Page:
13. How is that a stretch? it's how sound was read for many decades, including on some late model telecines. Blackmagic bought Cintel for a reason, so it's logical they'd have used some of that tech in their new scanner. As for the timeframe, you clearly have no concept of the work involved in designing a scanner like this. The BMD Cintel is based on late model Cintel scanners, but it's still a different machine. There is no way they could have taken a Cintel sound reader and plunked it onto the new scanner, because it's a completely different machine. A ton of work goes into the design (mechanical and electronic) of these things, even if you're just modifying existing models. If they were behind on something and needed to get the scanner launched for, say NAB, dropping the audio module for a while until it's ready seems like a reasonable decision. Don't forget the cintel design team at BMD is/was tiny. Obviously they planned to include that from the beginning, because the ports were there in the first release I saw at NAB in 2014. In any case we're both guessing so I've asked Blackmagic. We'll see what they have to say. No. you're completely missing my point. I'm not saying they're overcharging. You seem to be implying that because BMD is charging $3500 for their reader, Lasergraphics is overcharging for theirs. This conveniently ignores the fact that the Lasergraphics reader is a totally different design with a totally different way of doing things (I am almost certain) in a totally different class of scanners. As I spelled out above - there are significant differences in how the Lasergraphics reader is working that make it a better design, even if you take the camera vs photocell argument out of the picture. Better design costs more for a reason. I was just turning around your argument to point out that if BMD is not using a camera (as I suspect is the case), the parts involved to reproduce sound are cheap. Of course it costs a bunch of money to design, manufacture and sell these things, and I have no problem with the price they're charging. It's proportional to the cost of the machine. I don't think they're overcharging. In the current lineup, the Archivist is the only way to get the software reader because they don't offer a hardware reader for it. This was confirmed with Lasergraphics last week. The ScanStation comes with the hardware reader. You cannot run both the free software reader and the hardware reader on the same machine. That said, while it's a good value, it is subject to the same issues as AEO-Light is, in that warped film will result in worse sound than the hardware reader. This is in part because the hardware reader is holding the film flatter, but also because it's sampling at a significantly higher rate. What exactly am I "alleging" here? Are you talking about blackmagic? A low pass filter isn't necessarily done in software, though it can be, and in software you can fine tune it to the specific audio you're working with. But if the BMD audio reader works as I expect it does, it's all analog and the filtering is done in hardware: light through the film to a photocell, which converts the light to a voltage. Hardware low pass filters for audio are not especially complex - they can be passive circuits inline with the analog audio signal. Here's a basic explanation of the concept. A low pass filter over 7kHz for 16mm or 15kHz for 35mm (BMD's stated specs for optical audio reading) would eliminate the hiss you hear. Because 16mm sound is mixed to cut off above about 6kHz, and the BMD scanner's frequency response for 16mm caps out at 7kHz, they are likely applying a low pass filter to cut off everything above 7kHz, which would mostly be noise. But as i've now explained at least twice in this thread, there can still be signal above 6kHz, which this kind of filter would ALSO eliminate. In other words: Would it remove the hiss? Of course it would. that's the point. Would it remove signal within that hiss that's above 7kHz? Also yes. Hardware cost for this filter? again, under $10, probably.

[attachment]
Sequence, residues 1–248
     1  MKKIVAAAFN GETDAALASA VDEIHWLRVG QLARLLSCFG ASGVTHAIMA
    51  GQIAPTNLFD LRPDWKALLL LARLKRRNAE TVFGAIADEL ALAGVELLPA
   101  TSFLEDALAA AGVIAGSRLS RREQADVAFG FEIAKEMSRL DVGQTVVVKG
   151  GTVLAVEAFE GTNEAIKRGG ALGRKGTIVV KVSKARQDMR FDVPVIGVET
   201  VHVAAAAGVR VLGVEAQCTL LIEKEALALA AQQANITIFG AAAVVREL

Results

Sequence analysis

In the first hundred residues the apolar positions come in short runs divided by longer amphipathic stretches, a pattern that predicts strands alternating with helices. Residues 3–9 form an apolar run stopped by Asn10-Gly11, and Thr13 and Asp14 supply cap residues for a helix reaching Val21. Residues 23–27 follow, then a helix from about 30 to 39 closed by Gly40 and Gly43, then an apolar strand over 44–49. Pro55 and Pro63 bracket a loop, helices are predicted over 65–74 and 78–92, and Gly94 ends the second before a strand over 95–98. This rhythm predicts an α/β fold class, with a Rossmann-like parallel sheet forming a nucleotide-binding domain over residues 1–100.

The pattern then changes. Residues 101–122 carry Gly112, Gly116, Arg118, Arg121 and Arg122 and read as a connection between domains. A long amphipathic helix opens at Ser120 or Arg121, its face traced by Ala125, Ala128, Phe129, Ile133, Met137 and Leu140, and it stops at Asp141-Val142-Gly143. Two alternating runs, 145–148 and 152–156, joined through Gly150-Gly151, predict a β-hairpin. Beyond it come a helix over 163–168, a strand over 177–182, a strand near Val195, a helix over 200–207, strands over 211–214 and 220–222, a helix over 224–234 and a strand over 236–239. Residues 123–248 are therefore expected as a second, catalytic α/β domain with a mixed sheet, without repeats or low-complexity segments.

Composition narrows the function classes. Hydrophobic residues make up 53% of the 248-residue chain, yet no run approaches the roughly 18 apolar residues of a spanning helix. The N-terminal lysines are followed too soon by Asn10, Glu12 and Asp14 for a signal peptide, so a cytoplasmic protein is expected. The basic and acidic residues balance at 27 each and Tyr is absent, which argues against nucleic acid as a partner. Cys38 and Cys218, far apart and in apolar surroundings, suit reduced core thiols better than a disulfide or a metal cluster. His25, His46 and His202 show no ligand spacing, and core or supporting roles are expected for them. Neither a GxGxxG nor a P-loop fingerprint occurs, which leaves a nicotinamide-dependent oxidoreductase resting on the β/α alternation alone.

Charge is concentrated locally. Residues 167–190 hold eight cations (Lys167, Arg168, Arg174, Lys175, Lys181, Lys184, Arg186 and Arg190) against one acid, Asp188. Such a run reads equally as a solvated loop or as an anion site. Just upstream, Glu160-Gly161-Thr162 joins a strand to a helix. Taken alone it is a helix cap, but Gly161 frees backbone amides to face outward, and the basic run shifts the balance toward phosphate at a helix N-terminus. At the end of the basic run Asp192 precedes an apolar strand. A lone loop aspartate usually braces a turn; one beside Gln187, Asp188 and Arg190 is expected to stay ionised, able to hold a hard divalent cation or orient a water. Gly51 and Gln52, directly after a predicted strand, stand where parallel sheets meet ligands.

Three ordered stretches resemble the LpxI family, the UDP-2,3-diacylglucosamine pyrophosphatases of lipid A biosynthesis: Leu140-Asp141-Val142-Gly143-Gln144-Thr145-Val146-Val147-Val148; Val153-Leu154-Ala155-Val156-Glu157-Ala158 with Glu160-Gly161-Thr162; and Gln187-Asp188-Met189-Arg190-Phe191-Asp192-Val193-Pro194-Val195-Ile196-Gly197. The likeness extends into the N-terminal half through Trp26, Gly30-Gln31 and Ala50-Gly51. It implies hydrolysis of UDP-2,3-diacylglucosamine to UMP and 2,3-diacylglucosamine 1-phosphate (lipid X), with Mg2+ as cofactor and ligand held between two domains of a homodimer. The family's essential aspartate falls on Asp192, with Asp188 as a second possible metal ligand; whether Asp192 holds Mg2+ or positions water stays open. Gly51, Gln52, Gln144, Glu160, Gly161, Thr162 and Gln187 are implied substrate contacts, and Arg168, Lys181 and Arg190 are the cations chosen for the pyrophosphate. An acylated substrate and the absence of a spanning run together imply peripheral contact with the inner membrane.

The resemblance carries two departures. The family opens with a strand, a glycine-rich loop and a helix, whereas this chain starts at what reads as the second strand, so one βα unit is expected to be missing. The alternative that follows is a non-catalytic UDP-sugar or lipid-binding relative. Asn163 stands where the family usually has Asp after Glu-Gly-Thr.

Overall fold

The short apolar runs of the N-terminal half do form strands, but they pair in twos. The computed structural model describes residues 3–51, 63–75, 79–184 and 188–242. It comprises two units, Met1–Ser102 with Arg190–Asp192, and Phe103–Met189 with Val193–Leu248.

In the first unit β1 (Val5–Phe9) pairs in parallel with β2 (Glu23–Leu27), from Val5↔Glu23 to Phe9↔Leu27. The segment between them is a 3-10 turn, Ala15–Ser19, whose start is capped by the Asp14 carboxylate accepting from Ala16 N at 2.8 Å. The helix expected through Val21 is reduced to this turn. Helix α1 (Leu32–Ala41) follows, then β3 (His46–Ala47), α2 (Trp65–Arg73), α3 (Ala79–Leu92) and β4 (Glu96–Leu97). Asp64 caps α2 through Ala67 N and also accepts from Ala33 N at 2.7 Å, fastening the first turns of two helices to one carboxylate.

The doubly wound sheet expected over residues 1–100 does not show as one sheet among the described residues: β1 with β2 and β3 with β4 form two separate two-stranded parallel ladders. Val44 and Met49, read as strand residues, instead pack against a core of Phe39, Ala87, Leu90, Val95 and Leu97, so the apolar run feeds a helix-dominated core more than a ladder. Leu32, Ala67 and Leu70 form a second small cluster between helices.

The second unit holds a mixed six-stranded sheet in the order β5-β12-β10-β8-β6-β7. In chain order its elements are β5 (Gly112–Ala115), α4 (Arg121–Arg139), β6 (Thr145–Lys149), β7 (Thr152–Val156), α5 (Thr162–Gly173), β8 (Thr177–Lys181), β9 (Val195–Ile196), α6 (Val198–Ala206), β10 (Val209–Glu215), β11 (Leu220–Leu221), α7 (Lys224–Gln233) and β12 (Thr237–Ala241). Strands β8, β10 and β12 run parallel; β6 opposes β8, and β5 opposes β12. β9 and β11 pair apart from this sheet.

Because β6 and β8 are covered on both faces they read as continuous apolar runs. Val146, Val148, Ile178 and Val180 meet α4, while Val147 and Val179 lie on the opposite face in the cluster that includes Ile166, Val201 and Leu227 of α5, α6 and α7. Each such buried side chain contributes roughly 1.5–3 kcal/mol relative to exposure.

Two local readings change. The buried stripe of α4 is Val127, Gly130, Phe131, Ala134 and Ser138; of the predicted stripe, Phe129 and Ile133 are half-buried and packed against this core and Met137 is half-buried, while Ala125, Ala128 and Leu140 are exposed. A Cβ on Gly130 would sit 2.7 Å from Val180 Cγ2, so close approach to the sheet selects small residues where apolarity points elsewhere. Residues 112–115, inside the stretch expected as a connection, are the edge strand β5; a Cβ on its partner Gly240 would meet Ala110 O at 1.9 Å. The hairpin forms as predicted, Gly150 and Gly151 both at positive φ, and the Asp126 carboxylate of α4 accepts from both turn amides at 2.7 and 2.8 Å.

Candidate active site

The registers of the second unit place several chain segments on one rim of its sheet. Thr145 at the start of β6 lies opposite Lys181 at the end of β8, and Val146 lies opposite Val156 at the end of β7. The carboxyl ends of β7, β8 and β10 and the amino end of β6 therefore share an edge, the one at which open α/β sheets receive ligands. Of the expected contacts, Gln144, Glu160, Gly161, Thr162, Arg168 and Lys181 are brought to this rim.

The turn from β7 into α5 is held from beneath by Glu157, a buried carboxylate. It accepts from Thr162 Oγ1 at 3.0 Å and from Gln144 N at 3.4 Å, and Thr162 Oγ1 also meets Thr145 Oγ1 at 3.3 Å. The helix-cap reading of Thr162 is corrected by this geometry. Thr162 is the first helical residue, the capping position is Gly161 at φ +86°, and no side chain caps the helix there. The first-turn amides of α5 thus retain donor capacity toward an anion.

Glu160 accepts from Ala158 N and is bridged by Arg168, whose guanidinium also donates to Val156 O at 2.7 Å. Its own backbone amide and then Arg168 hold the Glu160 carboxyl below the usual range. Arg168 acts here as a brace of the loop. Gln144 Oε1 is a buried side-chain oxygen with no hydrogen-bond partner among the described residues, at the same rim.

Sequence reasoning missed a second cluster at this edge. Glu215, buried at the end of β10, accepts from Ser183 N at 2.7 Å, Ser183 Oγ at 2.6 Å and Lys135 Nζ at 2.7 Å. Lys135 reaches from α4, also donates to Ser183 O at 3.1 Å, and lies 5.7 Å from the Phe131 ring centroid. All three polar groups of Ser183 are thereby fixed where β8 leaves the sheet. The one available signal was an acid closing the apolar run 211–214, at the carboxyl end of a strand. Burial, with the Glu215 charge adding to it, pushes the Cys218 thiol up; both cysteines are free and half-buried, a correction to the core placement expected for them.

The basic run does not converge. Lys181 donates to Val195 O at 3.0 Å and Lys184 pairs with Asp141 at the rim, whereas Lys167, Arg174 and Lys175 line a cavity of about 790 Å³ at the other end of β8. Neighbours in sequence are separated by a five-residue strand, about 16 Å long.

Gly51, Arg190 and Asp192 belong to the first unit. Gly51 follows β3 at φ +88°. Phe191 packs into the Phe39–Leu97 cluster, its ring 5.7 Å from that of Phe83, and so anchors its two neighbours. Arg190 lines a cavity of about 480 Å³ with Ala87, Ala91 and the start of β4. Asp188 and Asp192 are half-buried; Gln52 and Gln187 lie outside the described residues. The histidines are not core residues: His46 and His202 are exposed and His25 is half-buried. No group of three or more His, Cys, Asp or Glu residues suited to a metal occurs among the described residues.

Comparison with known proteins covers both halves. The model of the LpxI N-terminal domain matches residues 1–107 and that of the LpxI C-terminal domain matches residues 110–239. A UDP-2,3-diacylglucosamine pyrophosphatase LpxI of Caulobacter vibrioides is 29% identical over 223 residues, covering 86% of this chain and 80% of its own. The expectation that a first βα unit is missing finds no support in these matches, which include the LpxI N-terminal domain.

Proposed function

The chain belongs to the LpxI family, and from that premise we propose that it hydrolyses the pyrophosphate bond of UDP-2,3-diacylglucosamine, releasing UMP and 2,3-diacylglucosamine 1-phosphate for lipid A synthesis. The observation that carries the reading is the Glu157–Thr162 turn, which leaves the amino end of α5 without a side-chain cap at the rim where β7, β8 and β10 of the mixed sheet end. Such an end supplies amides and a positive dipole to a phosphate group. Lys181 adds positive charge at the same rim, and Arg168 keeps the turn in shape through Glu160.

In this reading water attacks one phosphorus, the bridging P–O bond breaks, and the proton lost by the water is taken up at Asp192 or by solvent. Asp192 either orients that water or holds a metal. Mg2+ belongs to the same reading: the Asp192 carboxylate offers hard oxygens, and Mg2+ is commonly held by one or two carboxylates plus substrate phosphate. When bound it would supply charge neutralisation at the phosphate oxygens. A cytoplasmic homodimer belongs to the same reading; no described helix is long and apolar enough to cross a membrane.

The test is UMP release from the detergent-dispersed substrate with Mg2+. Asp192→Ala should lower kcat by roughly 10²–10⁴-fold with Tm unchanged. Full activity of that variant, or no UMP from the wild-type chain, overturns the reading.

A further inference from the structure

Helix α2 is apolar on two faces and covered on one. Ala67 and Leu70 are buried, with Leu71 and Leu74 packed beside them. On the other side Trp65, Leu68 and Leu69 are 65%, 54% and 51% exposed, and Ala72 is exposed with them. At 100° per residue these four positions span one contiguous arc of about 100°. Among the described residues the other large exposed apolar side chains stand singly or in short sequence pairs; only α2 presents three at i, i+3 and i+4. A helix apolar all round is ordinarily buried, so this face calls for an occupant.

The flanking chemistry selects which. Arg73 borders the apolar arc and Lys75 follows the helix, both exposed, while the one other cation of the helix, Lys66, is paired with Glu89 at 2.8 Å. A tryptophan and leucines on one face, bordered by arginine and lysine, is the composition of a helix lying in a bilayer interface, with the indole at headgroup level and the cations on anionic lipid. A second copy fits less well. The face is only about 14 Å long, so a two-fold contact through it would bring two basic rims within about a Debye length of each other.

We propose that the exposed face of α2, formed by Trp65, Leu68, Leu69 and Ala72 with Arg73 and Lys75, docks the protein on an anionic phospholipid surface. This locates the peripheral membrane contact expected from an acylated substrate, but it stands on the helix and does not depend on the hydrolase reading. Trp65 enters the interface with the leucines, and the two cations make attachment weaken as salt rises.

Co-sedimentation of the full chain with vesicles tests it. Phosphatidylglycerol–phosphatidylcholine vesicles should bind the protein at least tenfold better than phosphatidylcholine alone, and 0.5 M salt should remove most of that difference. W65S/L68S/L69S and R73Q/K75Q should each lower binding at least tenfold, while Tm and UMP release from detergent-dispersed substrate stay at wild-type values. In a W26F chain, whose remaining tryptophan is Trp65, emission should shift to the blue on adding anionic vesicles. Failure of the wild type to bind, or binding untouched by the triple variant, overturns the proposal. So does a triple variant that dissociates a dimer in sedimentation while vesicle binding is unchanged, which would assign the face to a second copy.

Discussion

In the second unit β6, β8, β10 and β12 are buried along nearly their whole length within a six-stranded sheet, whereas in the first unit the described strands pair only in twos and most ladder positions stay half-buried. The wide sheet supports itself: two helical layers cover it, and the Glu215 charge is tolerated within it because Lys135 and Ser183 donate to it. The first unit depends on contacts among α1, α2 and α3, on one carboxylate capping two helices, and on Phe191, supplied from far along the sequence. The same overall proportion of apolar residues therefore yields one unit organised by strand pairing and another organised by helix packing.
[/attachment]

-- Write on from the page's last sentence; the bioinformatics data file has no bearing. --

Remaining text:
14. This is incorrect and a quick look at the Cintel manual shows how it works: First, the soundtrack reader and the keykode reader are separate - you thread the film for one or the other through different readers. The optical soundtrack reader is in the upper left. the mag reader is upper right. The keykode reader is on the bottom of the assembly, below the two orange screws. This is all in the manual, from which I took this screenshot. There may be a camera for the optical reader but my guess is that it's using a traditional photocell that's illuminated by the LED shining through the track. This would make sense since that's how other Cintel scanners did it. This is far simpler and cheaper and given the price of this part, it seems more likely.. Another clue is in the specs. The Cintel gives specifications for wow and flutter, which would mainly be a factor in a system where the sound is captured in real-time (or close to it, as the Cintel does) and would be subject to fluctuations in motor speed. A system that uses a line scanner to capture the frames can easily get around this in a couple ways, and wow and flutter isn't much of an issue. If it works like the scanstation, it uses the known position of the film to track and eliminate wow and flutter (see below). Wow and flutter simply aren't an issue on the ScanStation. In our recent tests, the Philips Spirit had major issues with this, due to film shrinkage and the motor constantly struggling to keep up. Again, nobody is saying it's perfect, except you in your straw man arguments... But the ScanStation's method is better. The Lasergraphics reader has a camera that is zoomed in on the soundtrack. The film is wound around a free-spinning chromed drum that effectively flattens the film out while the image of the track is being taken. The image captured by the soundtrack reader uses the edge of the film to align the soundtrack into a perfectly straight line, basically in the same way the scanner does horizontal alignment for Super 8 - using machine vision algorithms to "see" the edge of the film, and make sure the track is precisely placed before any sound is extracted from it. This is far better than any system that relies on rollers alone to guide the film through the reader. And in the case of the cintel, you have to manually adjust using thumbscrews on the outside, to position the reader over the track. Said with such confidence, and yet ...wrong. Keykode numbers are there for us humans. Keykode readers read the burned-in barcodes that correspond to those numbers. We have a $20 USB barcode scanner we use daily for checking in and out customer materials. It's nothing fancy, the technology for that thing has been around for decades, and it's not expensive or exotic hardware. The Cintel uses a completely different reader for keykode, and it's likely a typical laser scanner like you'd have in a supermarket, only smaller, to read the barcode. Reading the numbers wouldn't make any sense. This is not a practical test and won't work the way you assume. In the ScanStation, the position of the film in the scanner is based on the frame (from the end user's perspective), though it is using a closed-loop servo motor which means it knows down to a fraction of a rotation where it is at all times. The current frame is the one in the gate, but that position varies. Because the ScanStation uses a constant motion transport with an oversized gate, and a camera that takes an image of the frame at high speed while it's in motion, the actual position of the film within the camera gate will almost never be in exactly the same place on two passes. This is by design, to allow for shrunken film. Basically, the frame is never in the same place relative to the edges of the gate, on each pass. And that's fine. There is a target location it tries to hit and if there's shrinkage, it may drift from that target one way or another over time. The scanner compensates for that by speeding up and slowing down the motors when necessary, in tiny increments. This affects the speed of the film through the soundtrack reader as well. The optical audio reader, however, is simply reading samples as image of the soundtrack goes by. The drum the film passes over has an encoder, so it knows where it is, and this is correlated with the captured samples so that the fluctuations in motor speed are irrelevant - preventing wow and flutter. But to do the test you're suggesting would only work if you could match the two captured tracks down to the sample, which isn't a simple task. In any case, it's pointless, because as I said above, the soundtrack reader is a better design that ensures that the film is held flat when the soundtrack is read the film edge is tracked to perfectly align the track the encoder in the sound reader is used to correct for any fluctuations in motor speed, eliminating wow and flutter The Cintel is doing what it's doing because by design it's a scanner based on an old telecine model - realtime capture - and everything is optimized for that. Based on the specs they give, I'm pretty certain that it's using a light and a photocell to read the soundtrack. That's why it can only operate within certain speed parameters, and why it needs a specially designed capstan to compensate for wow and flutter. I mean, on the Cintel you have to manually turn dials to adjust the position of the track reader for optimal results, and the film is not being held flat while the track is being read, it's happening in a roughly 6" gap between rollers. That's far from precise.